At time of writing, BHP Group Ltd’s [ASX:BHP] share price is down a further 1.43%, trading at $35.73.
This means that the BHP share price has now fallen 15.6%, from its 52 week high of $42.33 on July 3.
The BHP share price has recently seen a bearish crossover of its 20- and 50-day moving averages:
BHP’s results missed analyst expectations, despite a record full year total dividend of $US2.35 a share. We give you a quick rundown of the RBA’s forecast for iron ore prices and what BHP might do to pivot their business to more profitable resources.
BHP results underwhelm, BHP share price falls again
According to Bloomberg, analysts were expecting underlying earnings of $US9.98 billion, and BHP missed the mark, with the result reporting $US 9.4 billion in underlying profit.
They did however declare a record dividend $US2.35 per share, which beat the consensus of $US2.216.
So, a bit of salve for investors hurting after the recent fall in iron ore price.
But with Brazilian production in the process of ramping up, there could be more pain ahead for BHP investors.
In terms of geopolitical risk, BHP will have to contend with the prospect of further US-China trade tensions.
Trump has recently delayed the additional 10% tariff measure, which is now set to go into force 15 December, rather than the initial 1 September deadline.
BHP is in a tricky position, with any impact on the Chinese economy likely to impact demand for iron ore.
It is now conceivable that in the short-term, the BHP share price could fall back to pre-Brazil levels which would be in the $30–$32 range.
RBA iron ore price forecast points to negative outlook for BHP share price
It gets worse for long-term BHP investors.
This is the data the RBA is looking at with regards to the iron ore price:
While the consensus was clearly off in the past, this was due to unforeseen events in Brazil.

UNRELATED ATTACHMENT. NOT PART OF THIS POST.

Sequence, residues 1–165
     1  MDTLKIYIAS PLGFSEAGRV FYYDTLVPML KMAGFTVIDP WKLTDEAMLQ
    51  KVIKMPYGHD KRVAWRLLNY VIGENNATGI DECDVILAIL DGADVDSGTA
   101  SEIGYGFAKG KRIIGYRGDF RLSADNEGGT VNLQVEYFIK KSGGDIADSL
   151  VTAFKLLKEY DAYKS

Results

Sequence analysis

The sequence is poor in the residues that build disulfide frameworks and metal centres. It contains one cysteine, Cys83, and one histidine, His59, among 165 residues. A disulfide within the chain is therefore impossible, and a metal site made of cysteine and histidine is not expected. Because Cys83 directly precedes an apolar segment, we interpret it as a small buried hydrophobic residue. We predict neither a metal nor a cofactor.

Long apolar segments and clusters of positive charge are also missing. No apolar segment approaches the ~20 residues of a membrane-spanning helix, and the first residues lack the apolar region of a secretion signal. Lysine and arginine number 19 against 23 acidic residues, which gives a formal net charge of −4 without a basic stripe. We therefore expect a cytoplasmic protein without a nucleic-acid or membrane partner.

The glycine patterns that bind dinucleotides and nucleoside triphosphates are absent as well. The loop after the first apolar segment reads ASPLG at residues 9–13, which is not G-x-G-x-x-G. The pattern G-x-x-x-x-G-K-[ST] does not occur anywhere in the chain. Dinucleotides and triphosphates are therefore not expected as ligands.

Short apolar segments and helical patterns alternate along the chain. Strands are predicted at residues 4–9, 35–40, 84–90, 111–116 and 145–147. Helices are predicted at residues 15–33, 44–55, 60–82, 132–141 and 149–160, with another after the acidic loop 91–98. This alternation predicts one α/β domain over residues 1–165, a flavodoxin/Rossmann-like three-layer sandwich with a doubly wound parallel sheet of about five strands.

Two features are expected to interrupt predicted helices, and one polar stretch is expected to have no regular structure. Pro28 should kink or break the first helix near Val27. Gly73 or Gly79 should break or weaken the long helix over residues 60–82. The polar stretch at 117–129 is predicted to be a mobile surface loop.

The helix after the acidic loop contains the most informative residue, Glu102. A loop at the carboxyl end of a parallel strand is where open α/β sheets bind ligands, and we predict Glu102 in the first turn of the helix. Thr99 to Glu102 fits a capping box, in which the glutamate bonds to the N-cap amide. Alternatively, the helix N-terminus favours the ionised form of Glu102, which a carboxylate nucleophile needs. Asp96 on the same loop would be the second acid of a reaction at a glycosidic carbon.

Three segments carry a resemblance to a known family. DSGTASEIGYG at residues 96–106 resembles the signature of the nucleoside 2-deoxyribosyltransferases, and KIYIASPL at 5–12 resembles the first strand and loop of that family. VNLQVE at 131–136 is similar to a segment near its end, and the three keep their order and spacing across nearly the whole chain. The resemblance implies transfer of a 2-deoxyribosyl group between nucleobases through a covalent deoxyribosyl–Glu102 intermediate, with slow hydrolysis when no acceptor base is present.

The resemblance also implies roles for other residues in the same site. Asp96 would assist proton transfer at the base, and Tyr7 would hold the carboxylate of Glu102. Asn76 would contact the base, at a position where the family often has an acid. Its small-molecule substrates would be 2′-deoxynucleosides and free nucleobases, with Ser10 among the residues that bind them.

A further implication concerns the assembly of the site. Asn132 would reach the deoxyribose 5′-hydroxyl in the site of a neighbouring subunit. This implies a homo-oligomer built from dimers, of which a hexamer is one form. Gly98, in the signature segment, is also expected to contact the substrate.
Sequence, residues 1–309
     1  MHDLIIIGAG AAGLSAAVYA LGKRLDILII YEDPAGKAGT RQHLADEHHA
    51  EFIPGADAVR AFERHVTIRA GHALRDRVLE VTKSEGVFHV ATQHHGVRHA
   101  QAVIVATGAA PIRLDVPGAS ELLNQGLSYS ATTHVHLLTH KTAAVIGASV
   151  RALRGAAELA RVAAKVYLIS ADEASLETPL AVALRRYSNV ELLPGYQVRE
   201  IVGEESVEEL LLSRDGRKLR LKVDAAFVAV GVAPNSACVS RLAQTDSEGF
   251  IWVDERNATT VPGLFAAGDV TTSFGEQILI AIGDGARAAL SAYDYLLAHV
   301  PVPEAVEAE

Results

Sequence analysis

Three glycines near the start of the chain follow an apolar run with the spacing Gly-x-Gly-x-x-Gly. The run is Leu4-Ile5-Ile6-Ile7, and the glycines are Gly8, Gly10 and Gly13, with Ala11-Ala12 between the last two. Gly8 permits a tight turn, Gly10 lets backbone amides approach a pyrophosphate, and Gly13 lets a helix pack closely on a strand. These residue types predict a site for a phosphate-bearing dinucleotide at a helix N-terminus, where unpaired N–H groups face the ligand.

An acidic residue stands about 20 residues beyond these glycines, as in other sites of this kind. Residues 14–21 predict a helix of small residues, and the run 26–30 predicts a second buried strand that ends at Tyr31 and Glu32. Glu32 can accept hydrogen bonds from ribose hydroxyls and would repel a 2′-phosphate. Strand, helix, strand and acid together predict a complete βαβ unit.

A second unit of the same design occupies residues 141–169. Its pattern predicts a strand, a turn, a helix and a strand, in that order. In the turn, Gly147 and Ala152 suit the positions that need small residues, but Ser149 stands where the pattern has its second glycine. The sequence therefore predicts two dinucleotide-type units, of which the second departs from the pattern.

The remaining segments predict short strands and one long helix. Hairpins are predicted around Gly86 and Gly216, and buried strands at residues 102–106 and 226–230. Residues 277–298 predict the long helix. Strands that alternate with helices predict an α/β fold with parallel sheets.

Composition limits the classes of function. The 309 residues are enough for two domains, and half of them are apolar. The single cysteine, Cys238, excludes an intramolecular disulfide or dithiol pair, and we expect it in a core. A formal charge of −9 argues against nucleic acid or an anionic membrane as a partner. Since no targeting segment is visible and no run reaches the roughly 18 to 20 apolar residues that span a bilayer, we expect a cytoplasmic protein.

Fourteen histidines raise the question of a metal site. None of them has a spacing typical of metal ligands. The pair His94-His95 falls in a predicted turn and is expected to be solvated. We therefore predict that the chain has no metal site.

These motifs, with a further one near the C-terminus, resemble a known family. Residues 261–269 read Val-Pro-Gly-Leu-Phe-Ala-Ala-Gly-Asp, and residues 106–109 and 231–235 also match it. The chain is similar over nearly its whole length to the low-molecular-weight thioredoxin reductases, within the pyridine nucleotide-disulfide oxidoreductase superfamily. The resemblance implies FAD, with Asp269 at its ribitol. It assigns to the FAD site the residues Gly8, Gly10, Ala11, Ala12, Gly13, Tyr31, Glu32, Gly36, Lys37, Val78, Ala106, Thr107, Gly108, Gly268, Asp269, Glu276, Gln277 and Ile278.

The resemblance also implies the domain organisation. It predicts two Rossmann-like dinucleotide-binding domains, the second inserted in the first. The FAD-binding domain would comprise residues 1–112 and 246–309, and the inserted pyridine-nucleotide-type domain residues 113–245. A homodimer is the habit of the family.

With the price of benchmark 62% fines projected to hit nearly $US50 by 2021, BHP will have to act quickly to keep earnings ticking over.
The company is spending around $60 million on copper exploration in the coming financial year and has a range of copper projects in development in Australia and South America.
This is important as copper will play an increasing role in the EV push.
An electric vehicle requires about 80kgs of copper.
You also have to consider EV charging stations.
Research and consultancy group Wood Mackenzie predicts that the $20 million electric vehicle (EV) charging stations will be up and running by 2030.
They forecast that once this happens, demand for copper in charging stations will consume more than 250% more copper than they do in 2019.
So copper could offset some of the decline in the iron ore price over the coming years for BHP.
Nickel demand could be driven by EV boom
Aside from copper, there are other options for resource investors thinking about the EV boom.
One of these is nickel, which is set to play an increasing role in EV batteries as it increases energy density.
This is BHP’s forecast for nickel demand:
Source: BHP Group Limited
Something to consider if you had pinned your hopes on a rising lithium price.
If nickel intrigues you, we have an excellent free report on nickel stocks available for download. It offers a more detailed explanation of the role of nickel in batteries as well as the demand/supply narrative. Download it for free today.
For Money Morning